Oyster.com Editors Share What They've Learned While Traveling Around the World

Whether you travel for the food, the stories, or a change of scenery and perspective, there's no doubt that journeying far from home can teach you more than a textbook ever will. Both short getaways and long voyages come with their own set of valuable lessons like how to step out of your comfort zone, embrace the unfamiliar, appreciate new cultures, and be patient. Every now and then, you might even pick up a couple of neat tricks along the way. Speaking of which, our editors spilled the beans on some of the cool new talents and important life lessons they brought home after gallivanting around the globe. Spoiler alert: many bragging rights were earned. 

How to Sail and Scuba Dive

"I feel like every trip I take I learn something new about myself -- whether it’s that I’m truly directionally challenged (Venice) or that I can bargain better than I expected (Jamaica). But by far my most educational vacation was a two-week sail down in the BVI. Now let’s not get ahead of ourselves because I wouldn’t trust myself alone with either of these recently acquired skills, but while there, I learned to sail and scuba dive -- and I even got certified as a lifeguard." -- Jane Reynolds

How to Set the Table

Photo courtesy of Flickr/Didriks

"I’ve learned quite a few things while traveling -- horseback riding, glassblowing -- but my favorite lesson was how to set the table correctly. I know what you’re thinking, ‘Who doesn’t know that? Were you raised in a barn?’ (Clearly not, or I would have known horseback riding!) But when I say I learned to set the table correctly, I mean setting the table to royal standards. I went out to a French chateau to take a lesson in dining etiquette by the head housekeeper that kept every candlestick polished to perfection. She taught me how to measure out place settings, where to put the tiny fork, and how to indicate when you’re finished eating. (FYI, slide your knife and fork together and set them on a diagonal on the plate at the four o’clock position.) Our lessons were serious, grand, and a little bit silly, as is the case with most century-old customs. And my skills are clearly a work in progress: That very day at dinner, I lost control of a bread roll that ricocheted across the room. But I do appreciate that madame educated me on the art of dining and now I have the knowledge, if not always the execution."  -- Maria Teresa Hart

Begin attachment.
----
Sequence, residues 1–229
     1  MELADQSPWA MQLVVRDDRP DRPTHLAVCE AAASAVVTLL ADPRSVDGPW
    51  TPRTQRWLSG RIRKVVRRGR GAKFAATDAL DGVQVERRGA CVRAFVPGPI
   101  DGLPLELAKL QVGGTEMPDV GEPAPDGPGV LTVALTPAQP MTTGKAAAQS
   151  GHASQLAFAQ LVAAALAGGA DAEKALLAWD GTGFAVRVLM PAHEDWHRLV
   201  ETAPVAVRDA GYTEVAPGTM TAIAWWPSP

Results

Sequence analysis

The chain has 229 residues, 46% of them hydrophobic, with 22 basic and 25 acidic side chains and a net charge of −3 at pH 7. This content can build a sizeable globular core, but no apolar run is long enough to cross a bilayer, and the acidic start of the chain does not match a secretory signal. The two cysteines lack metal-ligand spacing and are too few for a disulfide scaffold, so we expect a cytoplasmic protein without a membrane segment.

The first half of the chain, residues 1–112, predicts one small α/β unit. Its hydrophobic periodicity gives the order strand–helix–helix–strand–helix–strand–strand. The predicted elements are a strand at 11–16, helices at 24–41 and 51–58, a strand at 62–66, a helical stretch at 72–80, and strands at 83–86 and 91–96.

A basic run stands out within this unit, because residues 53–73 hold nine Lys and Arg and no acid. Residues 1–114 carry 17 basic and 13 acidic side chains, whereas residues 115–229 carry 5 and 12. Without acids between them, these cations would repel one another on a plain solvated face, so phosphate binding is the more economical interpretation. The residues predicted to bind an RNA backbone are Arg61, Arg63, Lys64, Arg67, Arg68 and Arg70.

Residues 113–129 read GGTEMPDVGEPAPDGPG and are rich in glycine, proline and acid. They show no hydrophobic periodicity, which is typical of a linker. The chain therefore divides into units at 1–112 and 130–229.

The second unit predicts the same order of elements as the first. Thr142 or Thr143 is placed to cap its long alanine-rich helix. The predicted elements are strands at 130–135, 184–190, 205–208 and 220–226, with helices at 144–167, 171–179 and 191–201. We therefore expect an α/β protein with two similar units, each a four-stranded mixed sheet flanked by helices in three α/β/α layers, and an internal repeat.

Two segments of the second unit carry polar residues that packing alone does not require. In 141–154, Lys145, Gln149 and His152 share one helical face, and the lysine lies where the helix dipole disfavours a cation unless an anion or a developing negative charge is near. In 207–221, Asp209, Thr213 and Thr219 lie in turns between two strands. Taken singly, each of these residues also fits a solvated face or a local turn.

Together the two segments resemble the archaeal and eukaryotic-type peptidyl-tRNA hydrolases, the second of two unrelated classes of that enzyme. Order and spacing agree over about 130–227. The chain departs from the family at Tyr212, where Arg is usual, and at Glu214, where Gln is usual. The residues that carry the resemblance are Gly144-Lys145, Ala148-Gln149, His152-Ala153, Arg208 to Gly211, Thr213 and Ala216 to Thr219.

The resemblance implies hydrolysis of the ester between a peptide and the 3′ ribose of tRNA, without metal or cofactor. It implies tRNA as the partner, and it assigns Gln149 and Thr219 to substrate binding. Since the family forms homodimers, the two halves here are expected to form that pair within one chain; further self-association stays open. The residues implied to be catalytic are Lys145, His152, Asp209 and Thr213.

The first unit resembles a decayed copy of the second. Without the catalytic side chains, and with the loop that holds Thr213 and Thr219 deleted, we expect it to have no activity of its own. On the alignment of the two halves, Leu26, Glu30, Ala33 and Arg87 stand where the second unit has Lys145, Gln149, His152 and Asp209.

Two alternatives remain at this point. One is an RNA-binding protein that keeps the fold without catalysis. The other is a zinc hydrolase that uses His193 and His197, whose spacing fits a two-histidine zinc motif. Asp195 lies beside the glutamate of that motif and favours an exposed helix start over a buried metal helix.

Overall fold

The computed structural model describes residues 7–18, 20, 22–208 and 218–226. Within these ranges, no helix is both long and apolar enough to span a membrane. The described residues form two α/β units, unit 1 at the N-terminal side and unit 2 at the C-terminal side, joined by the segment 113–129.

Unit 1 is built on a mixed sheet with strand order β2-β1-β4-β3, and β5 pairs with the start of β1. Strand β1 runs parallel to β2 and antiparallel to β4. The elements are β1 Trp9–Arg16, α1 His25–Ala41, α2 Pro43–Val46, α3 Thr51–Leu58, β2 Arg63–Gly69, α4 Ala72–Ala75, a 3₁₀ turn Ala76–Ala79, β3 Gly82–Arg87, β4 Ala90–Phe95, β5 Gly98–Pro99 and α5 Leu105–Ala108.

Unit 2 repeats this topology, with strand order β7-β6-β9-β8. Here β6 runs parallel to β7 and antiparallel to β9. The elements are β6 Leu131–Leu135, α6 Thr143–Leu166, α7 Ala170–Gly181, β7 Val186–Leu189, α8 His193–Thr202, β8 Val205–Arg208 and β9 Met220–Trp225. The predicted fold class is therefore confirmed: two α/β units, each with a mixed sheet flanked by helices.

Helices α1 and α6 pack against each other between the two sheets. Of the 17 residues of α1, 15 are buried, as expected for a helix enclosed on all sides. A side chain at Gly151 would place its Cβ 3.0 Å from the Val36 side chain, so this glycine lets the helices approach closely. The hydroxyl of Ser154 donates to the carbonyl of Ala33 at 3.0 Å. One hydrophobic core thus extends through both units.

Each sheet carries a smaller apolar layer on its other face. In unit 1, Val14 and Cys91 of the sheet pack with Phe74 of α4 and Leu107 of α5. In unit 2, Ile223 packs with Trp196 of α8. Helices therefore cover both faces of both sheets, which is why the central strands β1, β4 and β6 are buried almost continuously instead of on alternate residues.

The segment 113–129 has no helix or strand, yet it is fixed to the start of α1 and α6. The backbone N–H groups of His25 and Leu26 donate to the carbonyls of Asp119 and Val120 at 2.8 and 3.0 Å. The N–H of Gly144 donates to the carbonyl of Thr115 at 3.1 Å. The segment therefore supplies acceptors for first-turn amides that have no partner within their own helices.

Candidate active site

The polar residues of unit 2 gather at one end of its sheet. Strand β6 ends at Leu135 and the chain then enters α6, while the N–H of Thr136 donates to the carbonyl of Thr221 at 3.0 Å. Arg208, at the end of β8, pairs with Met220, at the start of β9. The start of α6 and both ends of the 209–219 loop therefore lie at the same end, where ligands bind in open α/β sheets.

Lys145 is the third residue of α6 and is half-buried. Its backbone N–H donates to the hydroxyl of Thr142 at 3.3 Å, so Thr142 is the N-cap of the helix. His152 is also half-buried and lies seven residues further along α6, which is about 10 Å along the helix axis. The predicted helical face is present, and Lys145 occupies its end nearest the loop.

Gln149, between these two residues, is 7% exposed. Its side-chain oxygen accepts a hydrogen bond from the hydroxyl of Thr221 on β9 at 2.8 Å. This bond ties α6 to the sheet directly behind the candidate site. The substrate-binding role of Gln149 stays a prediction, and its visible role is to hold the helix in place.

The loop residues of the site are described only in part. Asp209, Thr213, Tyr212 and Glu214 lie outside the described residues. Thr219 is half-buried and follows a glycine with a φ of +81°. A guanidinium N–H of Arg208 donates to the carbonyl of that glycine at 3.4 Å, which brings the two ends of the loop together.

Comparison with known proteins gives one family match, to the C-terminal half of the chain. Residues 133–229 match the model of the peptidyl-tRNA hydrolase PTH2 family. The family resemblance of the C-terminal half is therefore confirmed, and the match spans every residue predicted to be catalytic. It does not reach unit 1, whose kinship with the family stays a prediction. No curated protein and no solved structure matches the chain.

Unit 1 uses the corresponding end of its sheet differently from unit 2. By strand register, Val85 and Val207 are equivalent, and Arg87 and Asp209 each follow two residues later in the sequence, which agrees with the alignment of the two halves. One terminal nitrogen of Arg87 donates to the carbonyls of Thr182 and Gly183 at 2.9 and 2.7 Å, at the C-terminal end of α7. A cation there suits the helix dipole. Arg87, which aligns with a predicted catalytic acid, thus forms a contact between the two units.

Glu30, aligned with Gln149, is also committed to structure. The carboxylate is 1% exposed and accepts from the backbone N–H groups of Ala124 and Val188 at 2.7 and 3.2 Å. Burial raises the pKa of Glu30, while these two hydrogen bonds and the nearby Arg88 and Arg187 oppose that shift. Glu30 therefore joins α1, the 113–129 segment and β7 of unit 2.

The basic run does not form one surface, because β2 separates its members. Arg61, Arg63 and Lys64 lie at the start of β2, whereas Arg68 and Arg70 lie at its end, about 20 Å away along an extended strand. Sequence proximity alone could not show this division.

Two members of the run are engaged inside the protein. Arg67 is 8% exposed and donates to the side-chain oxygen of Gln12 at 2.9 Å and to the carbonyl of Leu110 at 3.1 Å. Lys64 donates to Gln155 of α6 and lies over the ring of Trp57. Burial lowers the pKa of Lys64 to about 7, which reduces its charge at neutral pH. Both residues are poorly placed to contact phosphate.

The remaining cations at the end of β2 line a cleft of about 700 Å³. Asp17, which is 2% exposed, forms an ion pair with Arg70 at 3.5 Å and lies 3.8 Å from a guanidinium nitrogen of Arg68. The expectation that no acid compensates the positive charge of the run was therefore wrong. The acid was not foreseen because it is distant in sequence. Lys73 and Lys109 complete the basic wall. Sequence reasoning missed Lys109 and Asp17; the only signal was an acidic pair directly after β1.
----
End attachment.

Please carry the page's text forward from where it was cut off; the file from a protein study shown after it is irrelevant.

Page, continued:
How to Shuck an Oyster

Photo courtesy of Flickr/Cliff

"I learned to shuck oysters in Greenport, Long Island at Little Creek Oyster Farm & Market. The "shuck yourself" oysters are cheaper than the pre-shucked ones, and we learned why pretty quickly -- shucking oysters is hard. The fastest oyster shucker in the world can shuck about three dozen oysters in a minute, but it took me over 10 minutes to shuck a single one. The place provides all the tools, including a sharp knife and protective glove so that you don't stab yourself. Though I love working at Oyster.com, I was never a huge fan of eating oysters until after I'd shucked them myself. I don't know if it was the hard work, the accompanying rose, the delicious mignonette sauce, or the fresh saltiness of the oysters themselves, but that time around, I loved them." -- Kelsey Blodget

How to Surf

Photo courtesy of Flickr/Carter Brown